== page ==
Jump to ContentJump to Main Navigation
The Je-Ne-Sais-Quoi in Early Modern EuropeEncounters with a Certain Something$
Users without a subscription are not able to see the full content.

Richard Scholar

Print publication date: 2005

Print ISBN-13: 9780199274406

Published to Oxford Scholarship Online: September 2008

DOI: 10.1093/acprof:oso/9780199274406.001.0001

Show Summary Details
Page of

PRINTED FROM OXFORD SCHOLARSHIP ONLINE (www.oxfordscholarship.com). (c) Copyright Oxford University Press, 2020. All Rights Reserved. An individual user may print out a PDF of a single chapter of a monograph in OSO for personal use. date: 29 January 2020

A Modish Name

A Modish Name

(p.21) 1 A Modish Name
The Je-Ne-Sais-Quoi in Early Modern Europe

Richard Scholar (Contributor Webpage)

Oxford University Press

This chapter traces the word history of the je-ne-sais-quoi by examining its precursors and cognates in Latin and Romance languages, the various non-substantival French phrases to which it is closely related, and its rise to the height of linguistic fashion in 17th-century France and England. It adopts a ‘mentalist’ rather than a rigorously ‘nominalist’ approach to the je-ne-sais-quoi, using it as a lexical tracer of a particular movement of the mind. It sketches a semantic definition (or ‘ideal-type’) of the je-ne-sais-quoi, arguing that the word comes above all to designate a certain something experienced by individual human subjects that cannot be explained. The first surviving treatment of the je-ne-sais-quoi as a topic — by the lexicographer and writer of polite prose, Dominique Bouhours, in 1671 — is offered along with evidence from early modern dictionaries in support of this claim.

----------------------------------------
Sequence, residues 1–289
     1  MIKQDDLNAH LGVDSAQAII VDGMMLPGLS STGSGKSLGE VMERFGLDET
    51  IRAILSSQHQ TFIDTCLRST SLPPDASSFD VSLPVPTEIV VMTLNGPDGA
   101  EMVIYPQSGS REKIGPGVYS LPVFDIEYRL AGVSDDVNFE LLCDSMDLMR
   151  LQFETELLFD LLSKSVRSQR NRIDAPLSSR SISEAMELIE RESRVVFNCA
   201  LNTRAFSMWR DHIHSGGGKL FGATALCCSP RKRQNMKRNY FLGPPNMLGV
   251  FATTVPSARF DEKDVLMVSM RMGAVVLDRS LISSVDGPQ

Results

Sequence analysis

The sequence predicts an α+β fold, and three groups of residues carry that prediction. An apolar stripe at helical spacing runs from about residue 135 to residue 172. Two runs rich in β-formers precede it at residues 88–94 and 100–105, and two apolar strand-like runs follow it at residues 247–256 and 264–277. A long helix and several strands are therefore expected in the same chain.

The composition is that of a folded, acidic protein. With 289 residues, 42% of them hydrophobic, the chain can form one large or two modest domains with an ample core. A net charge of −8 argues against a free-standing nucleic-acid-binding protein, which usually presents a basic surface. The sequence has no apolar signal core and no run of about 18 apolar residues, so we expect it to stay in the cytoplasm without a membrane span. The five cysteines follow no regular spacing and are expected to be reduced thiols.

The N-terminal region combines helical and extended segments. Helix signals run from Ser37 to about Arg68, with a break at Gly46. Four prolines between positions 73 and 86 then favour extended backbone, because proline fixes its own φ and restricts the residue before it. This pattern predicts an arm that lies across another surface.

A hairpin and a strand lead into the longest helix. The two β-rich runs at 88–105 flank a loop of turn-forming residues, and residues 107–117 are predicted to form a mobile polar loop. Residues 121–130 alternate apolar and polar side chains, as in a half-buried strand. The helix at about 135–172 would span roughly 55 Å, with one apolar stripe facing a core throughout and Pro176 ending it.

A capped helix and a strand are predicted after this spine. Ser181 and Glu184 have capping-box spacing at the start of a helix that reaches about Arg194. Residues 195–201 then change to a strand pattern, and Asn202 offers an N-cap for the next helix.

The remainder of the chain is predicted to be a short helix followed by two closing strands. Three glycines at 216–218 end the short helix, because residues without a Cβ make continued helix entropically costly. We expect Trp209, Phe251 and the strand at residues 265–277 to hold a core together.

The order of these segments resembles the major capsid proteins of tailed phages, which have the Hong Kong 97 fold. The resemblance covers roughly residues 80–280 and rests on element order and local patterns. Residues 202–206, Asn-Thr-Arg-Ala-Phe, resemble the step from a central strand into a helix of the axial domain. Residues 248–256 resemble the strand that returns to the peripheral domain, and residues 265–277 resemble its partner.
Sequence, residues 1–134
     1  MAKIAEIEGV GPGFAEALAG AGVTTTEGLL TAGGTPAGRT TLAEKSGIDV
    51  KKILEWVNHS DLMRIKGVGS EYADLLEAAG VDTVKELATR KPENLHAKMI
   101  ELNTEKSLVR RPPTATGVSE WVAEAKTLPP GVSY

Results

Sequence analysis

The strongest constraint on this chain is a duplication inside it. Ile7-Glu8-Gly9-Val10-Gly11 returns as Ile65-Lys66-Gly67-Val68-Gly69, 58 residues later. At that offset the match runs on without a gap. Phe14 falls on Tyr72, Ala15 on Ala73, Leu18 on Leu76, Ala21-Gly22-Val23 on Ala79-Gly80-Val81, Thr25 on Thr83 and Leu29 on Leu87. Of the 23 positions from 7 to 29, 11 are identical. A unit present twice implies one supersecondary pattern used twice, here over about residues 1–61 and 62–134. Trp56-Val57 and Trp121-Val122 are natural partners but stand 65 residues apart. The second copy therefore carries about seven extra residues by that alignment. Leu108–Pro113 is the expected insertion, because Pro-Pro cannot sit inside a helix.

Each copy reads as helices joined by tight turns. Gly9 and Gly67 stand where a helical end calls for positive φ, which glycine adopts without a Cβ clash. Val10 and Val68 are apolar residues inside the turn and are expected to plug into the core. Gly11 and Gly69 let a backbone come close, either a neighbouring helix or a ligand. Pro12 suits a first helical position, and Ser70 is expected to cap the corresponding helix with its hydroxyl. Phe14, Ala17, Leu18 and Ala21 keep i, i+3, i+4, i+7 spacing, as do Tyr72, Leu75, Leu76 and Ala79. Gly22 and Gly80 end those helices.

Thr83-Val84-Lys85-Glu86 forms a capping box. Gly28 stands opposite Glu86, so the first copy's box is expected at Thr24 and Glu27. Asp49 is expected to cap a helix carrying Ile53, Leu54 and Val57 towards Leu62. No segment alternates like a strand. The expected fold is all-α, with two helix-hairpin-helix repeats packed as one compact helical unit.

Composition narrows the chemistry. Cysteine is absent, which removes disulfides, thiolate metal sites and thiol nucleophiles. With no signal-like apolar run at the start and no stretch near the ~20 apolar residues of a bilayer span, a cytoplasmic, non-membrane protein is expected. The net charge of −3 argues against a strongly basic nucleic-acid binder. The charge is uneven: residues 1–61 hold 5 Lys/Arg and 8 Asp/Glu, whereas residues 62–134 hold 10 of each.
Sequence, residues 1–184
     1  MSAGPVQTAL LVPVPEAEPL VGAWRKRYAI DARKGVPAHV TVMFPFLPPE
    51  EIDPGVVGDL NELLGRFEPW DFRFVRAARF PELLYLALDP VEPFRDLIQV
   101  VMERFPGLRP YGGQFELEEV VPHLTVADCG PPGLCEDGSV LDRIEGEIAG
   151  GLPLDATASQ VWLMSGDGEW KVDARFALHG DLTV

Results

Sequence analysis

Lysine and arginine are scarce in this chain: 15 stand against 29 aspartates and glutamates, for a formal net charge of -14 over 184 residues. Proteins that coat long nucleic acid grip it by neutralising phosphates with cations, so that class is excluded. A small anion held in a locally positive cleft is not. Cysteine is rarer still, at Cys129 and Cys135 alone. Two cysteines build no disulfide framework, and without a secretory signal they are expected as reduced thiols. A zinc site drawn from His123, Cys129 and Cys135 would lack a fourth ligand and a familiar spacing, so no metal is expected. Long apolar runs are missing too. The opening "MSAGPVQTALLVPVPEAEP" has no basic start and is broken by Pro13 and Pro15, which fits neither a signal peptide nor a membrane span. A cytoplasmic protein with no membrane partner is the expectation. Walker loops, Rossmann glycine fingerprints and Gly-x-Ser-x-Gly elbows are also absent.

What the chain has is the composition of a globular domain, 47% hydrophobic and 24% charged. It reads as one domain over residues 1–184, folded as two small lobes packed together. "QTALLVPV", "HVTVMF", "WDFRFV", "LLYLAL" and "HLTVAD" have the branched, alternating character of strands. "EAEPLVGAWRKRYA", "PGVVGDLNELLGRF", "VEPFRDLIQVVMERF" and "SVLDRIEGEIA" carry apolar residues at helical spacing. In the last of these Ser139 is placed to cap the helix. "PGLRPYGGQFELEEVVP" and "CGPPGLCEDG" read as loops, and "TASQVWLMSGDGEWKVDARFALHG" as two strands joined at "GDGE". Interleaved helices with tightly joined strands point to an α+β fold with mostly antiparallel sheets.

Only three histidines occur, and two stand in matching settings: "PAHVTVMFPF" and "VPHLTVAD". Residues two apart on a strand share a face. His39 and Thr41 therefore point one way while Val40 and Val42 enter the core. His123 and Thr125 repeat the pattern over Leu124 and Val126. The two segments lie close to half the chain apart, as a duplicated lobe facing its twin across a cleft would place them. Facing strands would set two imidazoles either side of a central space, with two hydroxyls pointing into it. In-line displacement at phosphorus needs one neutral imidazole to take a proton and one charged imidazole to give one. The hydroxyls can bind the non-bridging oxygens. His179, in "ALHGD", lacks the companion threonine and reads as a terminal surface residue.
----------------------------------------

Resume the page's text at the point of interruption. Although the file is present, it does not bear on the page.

Keywords:   word history, linguistic fashion, mentalism, nominalism, lexical tracer, ideal-type, Dominique Bouhours, early modern dictionaries

Oxford Scholarship Online requires a subscription or purchase to access the full text of books within the service. Public users can however freely search the site and view the abstracts and keywords for each book and chapter.

Please, subscribe or login to access full text content.

If you think you should have access to this title, please contact your librarian.

To troubleshoot, please check our FAQs , and if you can't find the answer there, please contact us .